Carter says that owners need to look ahead. What does the future hold for their building? Are they satisfied leasing out their rooftop space for a quick investment? Are they OK with tying up their rooftop space with a long-term lease?
Wireless carriers might ask for leases that run as long as 30 years. That might be a good situation for building owners who don’t have long-term plans for rooftop restaurants or bars. But it might handcuff other owners whose buildings are located in the trendier parts of town.
Carter recommends that building owners aim for rooftop leases that come with five-year renewable terms. That way, owners gain more flexibility. If they want to renew an existing lease, they can. If they decide that they can sign a more valuable lease with a new rooftop tenant, they can do that, too.
“It is important to have some say in the future of the rooftop,” Carter said. “Say you are a hotel owner. If you remodel the hotel in the future, you might want to put a restaurant up there. You want the right in five years to tell a wireless carrier that you are not going to renew their lease for an additional five-year term, that their lease with you is over.”
Then there are the more practical issues that building owners must consider. As Carter says, building owners must be certain that their roofs can handle their new uses.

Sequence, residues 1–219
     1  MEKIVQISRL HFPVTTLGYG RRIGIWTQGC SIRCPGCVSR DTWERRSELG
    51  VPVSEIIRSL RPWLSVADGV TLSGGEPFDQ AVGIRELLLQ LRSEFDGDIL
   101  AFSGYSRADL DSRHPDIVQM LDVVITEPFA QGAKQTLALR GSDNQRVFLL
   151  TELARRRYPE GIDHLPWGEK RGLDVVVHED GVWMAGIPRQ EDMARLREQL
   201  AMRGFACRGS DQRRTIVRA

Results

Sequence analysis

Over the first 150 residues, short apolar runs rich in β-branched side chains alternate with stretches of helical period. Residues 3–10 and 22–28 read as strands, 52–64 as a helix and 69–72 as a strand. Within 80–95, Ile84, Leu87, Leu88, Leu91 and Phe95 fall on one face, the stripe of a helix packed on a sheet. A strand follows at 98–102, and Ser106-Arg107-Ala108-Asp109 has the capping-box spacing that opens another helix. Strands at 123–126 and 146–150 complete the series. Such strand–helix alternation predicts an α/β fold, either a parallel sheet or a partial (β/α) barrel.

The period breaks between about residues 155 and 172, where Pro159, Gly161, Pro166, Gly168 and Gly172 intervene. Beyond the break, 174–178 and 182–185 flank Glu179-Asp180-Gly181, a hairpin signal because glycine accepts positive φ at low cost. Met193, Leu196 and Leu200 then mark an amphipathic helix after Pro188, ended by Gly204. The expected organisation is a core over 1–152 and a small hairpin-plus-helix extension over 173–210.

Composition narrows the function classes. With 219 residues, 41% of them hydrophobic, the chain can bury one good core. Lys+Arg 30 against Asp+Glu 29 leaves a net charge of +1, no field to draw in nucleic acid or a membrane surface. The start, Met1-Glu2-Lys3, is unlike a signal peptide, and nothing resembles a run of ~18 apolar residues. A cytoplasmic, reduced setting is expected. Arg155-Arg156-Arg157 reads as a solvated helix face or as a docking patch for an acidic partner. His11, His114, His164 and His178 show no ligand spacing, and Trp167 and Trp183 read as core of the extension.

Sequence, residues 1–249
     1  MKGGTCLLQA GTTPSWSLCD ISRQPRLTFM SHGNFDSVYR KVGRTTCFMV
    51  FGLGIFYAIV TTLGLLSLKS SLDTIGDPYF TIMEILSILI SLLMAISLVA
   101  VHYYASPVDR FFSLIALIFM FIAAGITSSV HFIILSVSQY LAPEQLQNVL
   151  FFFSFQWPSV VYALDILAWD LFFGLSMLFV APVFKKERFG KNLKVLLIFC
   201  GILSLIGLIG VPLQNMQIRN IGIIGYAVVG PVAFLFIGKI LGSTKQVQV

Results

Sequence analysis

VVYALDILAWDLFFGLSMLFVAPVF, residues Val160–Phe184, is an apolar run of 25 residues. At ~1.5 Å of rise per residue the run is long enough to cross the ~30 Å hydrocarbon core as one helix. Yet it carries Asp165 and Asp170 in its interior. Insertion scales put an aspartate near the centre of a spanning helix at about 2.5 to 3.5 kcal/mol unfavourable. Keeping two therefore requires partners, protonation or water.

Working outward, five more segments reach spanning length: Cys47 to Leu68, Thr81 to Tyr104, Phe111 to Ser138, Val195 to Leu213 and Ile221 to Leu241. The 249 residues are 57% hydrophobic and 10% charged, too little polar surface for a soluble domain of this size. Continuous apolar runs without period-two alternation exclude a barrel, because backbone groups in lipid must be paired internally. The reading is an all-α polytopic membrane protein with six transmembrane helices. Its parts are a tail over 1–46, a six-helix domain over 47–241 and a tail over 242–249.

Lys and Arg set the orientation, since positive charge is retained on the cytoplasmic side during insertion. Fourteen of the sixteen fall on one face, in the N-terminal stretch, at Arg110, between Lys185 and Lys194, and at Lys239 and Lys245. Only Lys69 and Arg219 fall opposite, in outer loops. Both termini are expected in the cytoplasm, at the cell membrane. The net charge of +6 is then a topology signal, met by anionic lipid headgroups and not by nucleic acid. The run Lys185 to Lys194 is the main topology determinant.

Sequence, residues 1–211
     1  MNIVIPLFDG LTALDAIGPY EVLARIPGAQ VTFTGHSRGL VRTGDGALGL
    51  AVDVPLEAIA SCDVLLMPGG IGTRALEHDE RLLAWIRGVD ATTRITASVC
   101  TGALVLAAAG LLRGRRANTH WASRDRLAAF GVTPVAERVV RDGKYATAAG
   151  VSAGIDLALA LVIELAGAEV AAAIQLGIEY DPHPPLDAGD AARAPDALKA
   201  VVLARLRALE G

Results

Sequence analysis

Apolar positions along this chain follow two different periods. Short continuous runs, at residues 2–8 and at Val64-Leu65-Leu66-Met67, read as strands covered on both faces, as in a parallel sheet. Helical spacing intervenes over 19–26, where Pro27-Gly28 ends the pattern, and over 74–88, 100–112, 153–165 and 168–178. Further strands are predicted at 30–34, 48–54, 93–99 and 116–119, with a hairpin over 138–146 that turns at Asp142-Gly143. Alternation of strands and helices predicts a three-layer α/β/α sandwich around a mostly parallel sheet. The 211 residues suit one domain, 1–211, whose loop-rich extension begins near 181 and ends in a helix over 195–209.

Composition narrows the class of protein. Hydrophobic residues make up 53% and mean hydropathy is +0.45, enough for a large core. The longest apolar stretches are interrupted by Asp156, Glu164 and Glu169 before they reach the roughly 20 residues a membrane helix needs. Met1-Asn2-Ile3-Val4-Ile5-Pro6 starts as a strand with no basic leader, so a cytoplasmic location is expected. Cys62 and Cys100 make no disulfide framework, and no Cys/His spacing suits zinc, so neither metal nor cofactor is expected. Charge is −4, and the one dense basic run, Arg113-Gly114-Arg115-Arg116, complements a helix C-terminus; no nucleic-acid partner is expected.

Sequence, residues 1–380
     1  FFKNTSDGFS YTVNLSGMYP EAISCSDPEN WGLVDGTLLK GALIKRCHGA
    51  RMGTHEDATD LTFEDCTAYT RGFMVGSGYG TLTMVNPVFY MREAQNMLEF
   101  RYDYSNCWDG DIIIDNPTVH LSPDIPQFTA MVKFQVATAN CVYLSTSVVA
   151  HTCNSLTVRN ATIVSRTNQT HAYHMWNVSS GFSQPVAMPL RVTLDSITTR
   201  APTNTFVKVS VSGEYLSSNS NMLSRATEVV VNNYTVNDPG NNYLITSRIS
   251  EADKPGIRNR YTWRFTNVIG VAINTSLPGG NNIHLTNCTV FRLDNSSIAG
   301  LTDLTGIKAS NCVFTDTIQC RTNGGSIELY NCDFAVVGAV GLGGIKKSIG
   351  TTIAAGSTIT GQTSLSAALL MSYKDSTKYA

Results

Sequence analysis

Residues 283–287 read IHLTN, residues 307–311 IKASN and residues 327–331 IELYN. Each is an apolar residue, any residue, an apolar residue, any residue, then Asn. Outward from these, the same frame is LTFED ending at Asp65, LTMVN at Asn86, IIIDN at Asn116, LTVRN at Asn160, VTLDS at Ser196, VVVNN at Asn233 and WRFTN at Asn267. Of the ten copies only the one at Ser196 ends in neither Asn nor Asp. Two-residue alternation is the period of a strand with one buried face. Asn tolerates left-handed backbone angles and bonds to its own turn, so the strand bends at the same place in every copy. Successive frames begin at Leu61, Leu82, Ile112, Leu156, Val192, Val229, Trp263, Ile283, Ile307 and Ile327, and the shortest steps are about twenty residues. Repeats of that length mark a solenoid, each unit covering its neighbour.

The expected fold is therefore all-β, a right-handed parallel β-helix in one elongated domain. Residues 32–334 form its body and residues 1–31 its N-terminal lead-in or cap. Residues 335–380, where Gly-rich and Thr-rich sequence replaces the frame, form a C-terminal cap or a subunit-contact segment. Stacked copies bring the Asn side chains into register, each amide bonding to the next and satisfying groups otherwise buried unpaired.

Say you want to install rooftop gardens that your office building tenants can enjoy. That amenity might help you attract more tenants to your building. But can your roof handle the weight of rooftop gardens? Can it handle the watering needs?
Or maybe you’d prefer to lease your rooftop space to a restaurant. Can your roof handle the extra weight that comes with that? How much work will go into transforming your rooftop into a space that is safe enough, and aesthetically pleasing enough, for a restaurant use?
Oversight is an important issue, too. Building owners need to maintain control over any construction activity that takes place to transform their rooftop spaces. What if the wireless carrier renting space on your roof wants to reconfigure its antennas in a way that will harm the exterior appearance of your office building? What if a restaurateur wants to redesign its rooftop space three years into your lease?
As the building owner, you need to include clauses in any leases you sign stating that you have the right to review and approve any modifications, Carter said.
Finally, what about roof maintenance? When work has to be done on the rooftop, what advance notice do building owners have to give their rooftop tenants? What are the rules governing the relocation of any rooftop installation if maintenance work is required?
These are important questions to address in any lease agreement, Carter said.
Carter provides a good example of the thought that must go into rooftop leases. Say the roof of your office building contains a rooftop party deck. This provides a place for tenants to gather, and might make your building a more attractive one to companies seeking new space.
But say you also sign a lease with a wireless carrier, giving the carrier the right to install antennas. You might state in the lease that the antenna be mounted to the parapet of the building. This way, the antennas will provide great reception to any employees on the rooftop while also not being intrusive to those trying to enjoy the skyline views.
“Things like that can turn into a win-win,” Carter said. “If you are thinking of multiple uses for a rooftop, you want to make sure that no single use is too intrusive.”